States seizing our national public lands would have serious impacts on our ability to access and recreate on millions of acres of America’s most incredible lands.
Studies have shown that states could not afford the costs of managing national public lands, which would force them to be sold off. And, proponents of land seizures have outlined polices that would shift focus away from recreation and towards only extractive uses.
State lands often have more restricted access than national public lands. For example, Coloradoans can only access about 20 percent of their state trust lands for recreation, and even then access is not year-round.
That’s why many sportsmen and outdoor recreation groups are fighting for access to our public lands by opposing efforts to “transfer” lands to the state.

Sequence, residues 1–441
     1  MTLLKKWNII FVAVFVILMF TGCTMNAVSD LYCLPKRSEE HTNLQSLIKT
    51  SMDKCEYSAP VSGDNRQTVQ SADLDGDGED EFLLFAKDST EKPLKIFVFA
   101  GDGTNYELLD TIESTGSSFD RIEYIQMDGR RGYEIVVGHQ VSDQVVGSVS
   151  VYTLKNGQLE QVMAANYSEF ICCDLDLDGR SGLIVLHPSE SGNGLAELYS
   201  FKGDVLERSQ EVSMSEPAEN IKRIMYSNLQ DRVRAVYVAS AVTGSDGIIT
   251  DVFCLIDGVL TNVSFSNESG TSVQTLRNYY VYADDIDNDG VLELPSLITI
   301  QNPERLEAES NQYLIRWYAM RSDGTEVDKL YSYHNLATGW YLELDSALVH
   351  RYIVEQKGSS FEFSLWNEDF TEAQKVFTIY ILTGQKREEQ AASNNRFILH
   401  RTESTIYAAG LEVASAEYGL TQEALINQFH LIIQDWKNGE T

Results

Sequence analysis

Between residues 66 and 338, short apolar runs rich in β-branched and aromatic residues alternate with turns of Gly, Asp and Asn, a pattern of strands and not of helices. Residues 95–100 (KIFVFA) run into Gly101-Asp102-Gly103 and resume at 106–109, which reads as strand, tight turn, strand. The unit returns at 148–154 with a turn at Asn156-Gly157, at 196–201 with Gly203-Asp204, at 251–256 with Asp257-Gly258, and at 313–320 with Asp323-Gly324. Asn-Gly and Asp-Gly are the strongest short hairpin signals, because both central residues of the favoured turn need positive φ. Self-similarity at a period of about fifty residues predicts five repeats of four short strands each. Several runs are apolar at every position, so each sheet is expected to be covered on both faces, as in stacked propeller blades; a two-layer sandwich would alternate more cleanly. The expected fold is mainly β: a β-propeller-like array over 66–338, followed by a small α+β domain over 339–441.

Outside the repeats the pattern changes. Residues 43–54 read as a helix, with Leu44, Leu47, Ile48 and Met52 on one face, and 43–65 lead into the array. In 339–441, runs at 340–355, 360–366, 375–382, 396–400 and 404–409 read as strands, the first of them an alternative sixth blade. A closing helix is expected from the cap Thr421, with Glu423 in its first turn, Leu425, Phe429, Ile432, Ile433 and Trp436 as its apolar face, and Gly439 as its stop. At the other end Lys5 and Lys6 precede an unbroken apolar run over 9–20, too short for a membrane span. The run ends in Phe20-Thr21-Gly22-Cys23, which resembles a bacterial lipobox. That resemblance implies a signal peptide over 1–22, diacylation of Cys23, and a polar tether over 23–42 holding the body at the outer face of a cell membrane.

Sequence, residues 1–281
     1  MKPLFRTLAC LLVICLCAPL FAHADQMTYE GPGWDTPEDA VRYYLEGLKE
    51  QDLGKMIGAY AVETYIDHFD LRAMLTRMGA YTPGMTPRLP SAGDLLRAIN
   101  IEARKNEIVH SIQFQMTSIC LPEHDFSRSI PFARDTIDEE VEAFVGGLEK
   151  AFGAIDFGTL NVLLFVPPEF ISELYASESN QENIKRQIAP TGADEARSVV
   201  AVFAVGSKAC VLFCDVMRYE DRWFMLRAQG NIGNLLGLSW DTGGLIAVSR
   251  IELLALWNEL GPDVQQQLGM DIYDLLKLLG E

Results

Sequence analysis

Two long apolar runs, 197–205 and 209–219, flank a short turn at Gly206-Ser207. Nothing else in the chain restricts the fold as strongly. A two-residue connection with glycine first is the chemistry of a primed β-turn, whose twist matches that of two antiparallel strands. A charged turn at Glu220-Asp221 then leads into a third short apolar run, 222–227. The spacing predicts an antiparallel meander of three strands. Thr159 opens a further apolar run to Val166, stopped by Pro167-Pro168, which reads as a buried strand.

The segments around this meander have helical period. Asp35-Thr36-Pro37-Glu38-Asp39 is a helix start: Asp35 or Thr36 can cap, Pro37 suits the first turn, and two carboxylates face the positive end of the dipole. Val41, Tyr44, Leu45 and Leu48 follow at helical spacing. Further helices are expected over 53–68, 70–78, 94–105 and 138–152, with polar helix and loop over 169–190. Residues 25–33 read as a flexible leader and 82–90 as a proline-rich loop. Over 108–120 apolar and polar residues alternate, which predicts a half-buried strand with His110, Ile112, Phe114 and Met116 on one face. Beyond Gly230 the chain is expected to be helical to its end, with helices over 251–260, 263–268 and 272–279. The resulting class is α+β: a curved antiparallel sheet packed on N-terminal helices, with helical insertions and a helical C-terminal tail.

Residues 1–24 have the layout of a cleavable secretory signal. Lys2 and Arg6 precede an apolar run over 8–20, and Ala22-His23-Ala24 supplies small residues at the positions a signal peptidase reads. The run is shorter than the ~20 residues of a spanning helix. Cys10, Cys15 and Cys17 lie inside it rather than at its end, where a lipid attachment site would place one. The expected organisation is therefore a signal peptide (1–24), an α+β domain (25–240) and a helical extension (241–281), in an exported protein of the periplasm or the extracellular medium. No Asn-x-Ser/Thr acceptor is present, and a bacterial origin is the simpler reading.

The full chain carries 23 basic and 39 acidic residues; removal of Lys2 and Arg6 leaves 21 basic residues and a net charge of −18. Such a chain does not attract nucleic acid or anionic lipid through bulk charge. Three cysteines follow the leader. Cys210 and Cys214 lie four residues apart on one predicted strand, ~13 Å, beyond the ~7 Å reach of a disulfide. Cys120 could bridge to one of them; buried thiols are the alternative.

– The National Wildlife Federation and its state affiliates stated in a letter, “For decades we have consistently opposed the liquidation, disposal, or transfer of our federal public lands.”
– The Theodore Roosevelt Conservation Partnership put it this way: “The public lands transfer movement [is] an unprecedented threat to public access.” Read a report by TRCP called “Locked Out: Public Lands Transfers Threaten Sportsmen’s Access“
– The Outdoor Alliance (comprised of the International Mountain Biking Association, Access Fund American Canoe Association, Winter Wildlands Alliance, and American Whitewater) stated, “efforts in some Western states to transfer large portions of Federal public lands to State ownership will likely result in impediments to recreation access.”
– The Rocky Mountain Elk Foundation “is concerned about the continuing rhetoric and political posturing surrounding the wholesale disposal, sale or transfer of federal land holdings, and stands in opposition to such potential action.”